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  • 1
    Electronic Resource
    Electronic Resource
    Amsterdam : Elsevier
    Biosystems 22 (1989), S. 103-116 
    ISSN: 0303-2647
    Keywords: Animals ; Cell nucleus ; Evolution ; Plants ; Protoctista ; Taxonomy
    Source: Elsevier Journal Backfiles on ScienceDirect 1907 - 2002
    Topics: Biology
    Type of Medium: Electronic Resource
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  • 2
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    American Association for the Advancement of Science (AAAS)
    Publication Date: 2016-04-02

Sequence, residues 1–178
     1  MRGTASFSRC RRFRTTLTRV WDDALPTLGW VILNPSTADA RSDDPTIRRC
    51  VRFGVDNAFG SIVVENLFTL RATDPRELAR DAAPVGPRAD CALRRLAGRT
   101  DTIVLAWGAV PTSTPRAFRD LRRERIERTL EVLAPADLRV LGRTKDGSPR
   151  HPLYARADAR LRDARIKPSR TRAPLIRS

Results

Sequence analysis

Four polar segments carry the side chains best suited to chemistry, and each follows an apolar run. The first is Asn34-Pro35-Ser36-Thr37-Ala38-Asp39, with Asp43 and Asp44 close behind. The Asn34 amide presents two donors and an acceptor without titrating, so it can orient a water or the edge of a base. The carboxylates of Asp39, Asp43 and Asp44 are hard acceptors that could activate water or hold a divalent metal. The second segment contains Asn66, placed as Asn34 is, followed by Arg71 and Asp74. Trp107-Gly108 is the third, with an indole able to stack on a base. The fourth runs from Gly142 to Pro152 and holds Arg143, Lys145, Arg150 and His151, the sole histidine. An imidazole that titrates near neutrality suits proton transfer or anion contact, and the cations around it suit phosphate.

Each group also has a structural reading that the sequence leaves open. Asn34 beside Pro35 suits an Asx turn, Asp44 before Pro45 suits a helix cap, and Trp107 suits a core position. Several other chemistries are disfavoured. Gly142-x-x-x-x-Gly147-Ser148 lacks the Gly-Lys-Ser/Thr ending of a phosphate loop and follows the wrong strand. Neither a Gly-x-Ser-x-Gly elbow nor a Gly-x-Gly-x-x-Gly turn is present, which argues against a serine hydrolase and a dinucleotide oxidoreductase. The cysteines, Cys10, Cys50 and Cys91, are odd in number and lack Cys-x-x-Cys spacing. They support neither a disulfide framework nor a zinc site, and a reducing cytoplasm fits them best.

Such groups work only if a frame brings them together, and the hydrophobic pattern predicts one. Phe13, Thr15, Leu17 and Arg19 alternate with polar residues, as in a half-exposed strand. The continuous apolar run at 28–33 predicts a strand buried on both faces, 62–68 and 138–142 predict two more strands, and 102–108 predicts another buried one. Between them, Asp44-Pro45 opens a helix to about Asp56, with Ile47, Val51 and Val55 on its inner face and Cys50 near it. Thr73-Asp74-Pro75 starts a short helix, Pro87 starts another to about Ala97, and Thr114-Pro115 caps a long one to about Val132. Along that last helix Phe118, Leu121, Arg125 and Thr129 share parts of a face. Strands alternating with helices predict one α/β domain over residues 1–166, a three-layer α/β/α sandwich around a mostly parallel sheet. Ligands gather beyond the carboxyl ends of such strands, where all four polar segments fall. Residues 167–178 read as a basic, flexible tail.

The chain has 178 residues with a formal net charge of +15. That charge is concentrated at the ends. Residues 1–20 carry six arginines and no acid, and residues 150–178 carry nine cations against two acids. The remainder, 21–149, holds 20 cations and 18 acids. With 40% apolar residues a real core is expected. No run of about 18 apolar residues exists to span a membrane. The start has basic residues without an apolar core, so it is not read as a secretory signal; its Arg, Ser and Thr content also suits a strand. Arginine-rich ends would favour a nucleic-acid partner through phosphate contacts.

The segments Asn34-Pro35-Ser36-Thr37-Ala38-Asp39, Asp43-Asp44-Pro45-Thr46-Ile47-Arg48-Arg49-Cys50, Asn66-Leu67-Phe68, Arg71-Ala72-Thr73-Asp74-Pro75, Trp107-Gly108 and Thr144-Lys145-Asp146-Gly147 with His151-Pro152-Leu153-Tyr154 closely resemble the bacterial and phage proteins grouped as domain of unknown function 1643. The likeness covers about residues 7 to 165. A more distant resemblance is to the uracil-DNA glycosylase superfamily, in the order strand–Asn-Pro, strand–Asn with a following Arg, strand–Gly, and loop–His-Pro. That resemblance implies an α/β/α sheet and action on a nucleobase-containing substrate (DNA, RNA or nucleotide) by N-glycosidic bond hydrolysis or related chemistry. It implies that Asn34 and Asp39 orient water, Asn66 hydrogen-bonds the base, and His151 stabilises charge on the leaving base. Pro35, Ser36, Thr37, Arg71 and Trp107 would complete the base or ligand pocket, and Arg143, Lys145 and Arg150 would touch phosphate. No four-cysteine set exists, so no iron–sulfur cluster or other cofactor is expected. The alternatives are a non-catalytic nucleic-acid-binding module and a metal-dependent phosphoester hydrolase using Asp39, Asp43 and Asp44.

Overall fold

Description: Recent studies have implicated long noncoding RNAs (lncRNAs) as regulators of many important biological processes. Here we report on the identification and characterization of a lncRNA, lnc13, that harbors a celiac disease-associated haplotype block and represses expression of certain inflammatory genes under homeostatic conditions. Lnc13 regulates gene expression by binding to hnRNPD, a member of a family of ubiquitously expressed heterogeneous nuclear ribonucleoproteins (hnRNPs). Upon stimulation, lnc13 levels are reduced, thereby allowing increased expression of the repressed genes. Lnc13 levels are significantly decreased in small intestinal biopsy samples from patients with celiac disease, which suggests that down-regulation of lnc13 may contribute to the inflammation seen in this disease. Furthermore, the lnc13 disease-associated variant binds hnRNPD less efficiently than its wild-type counterpart, thus helping to explain how these single-nucleotide polymorphisms contribute to celiac disease.〈br /〉〈span class="detail_caption"〉Notes: 〈/span〉Castellanos-Rubio, Ainara -- Fernandez-Jimenez, Nora -- Kratchmarov, Radomir -- Luo, Xiaobing -- Bhagat, Govind -- Green, Peter H R -- Schneider, Robert -- Kiledjian, Megerditch -- Bilbao, Jose Ramon -- Ghosh, Sankar -- R01-AI093985/AI/NIAID NIH HHS/ -- R01-DK102180/DK/NIDDK NIH HHS/ -- R01-GM067005/GM/NIGMS NIH HHS/ -- R37-AI33443/AI/NIAID NIH HHS/ -- New York, N.Y. -- Science. 2016 Apr 1;352(6281):91-5. doi: 10.1126/science.aad0467.〈br /〉〈span class="detail_caption"〉Author address: 〈/span〉Department of Microbiology and Immunology, Columbia University, College of Physicians and Surgeons, New York, NY 10032, USA. ; Department of Genetics, Physical Anthropology, and Animal Physiology, University of the Basque Country (UPV-EHU), BioCruces Research Institute, Leioa 48940, Basque Country, Spain. ; Department of Pathology and Cell Biology, Columbia University, College of Physicians and Surgeons, New York, NY 10032, USA. ; Center for Celiac Disease, Department of Medicine, Columbia University, College of Physicians and Surgeons, New York, NY 10032, USA. Alexandria Center for Life Sciences, New York University School of Medicine, New York, NY 10016, USA. ; Alexandria Center for Life Sciences, New York University School of Medicine, New York, NY 10016, USA. ; Department of Cell Biology and Neuroscience, Rutgers, The State University of New Jersey, Piscataway, NJ 08854, USA. ; Department of Microbiology and Immunology, Columbia University, College of Physicians and Surgeons, New York, NY 10032, USA. sg2715@columbia.edu.〈br /〉〈span class="detail_caption"〉Record origin:〈/span〉 〈a href="http://www.ncbi.nlm.nih.gov/pubmed/27034373" target="_blank"〉PubMed〈/a〉